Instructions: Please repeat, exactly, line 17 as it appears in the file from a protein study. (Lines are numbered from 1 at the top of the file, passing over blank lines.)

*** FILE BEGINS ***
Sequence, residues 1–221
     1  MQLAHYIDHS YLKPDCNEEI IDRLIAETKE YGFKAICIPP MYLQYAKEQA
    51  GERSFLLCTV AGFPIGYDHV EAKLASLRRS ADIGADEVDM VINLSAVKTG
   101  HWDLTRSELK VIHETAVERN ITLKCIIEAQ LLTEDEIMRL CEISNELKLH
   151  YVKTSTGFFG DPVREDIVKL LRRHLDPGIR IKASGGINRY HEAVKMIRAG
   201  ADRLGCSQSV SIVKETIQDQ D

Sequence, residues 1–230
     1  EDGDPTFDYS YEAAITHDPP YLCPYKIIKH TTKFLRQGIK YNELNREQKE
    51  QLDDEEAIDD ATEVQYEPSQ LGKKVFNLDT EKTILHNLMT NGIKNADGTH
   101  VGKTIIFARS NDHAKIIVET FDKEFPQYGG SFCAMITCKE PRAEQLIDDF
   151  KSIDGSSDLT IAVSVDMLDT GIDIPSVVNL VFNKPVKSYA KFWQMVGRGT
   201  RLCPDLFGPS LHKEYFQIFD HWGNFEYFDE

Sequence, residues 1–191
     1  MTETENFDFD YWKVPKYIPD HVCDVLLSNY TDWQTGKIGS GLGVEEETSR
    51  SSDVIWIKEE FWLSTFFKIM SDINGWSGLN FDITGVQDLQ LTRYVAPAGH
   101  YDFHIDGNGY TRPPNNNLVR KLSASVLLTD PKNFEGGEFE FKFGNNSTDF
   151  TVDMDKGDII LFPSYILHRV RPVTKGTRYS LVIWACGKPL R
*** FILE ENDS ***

   151  TVDMDKGDII LFPSYILHRV RPVTKGTRYS LVIWACGKPL R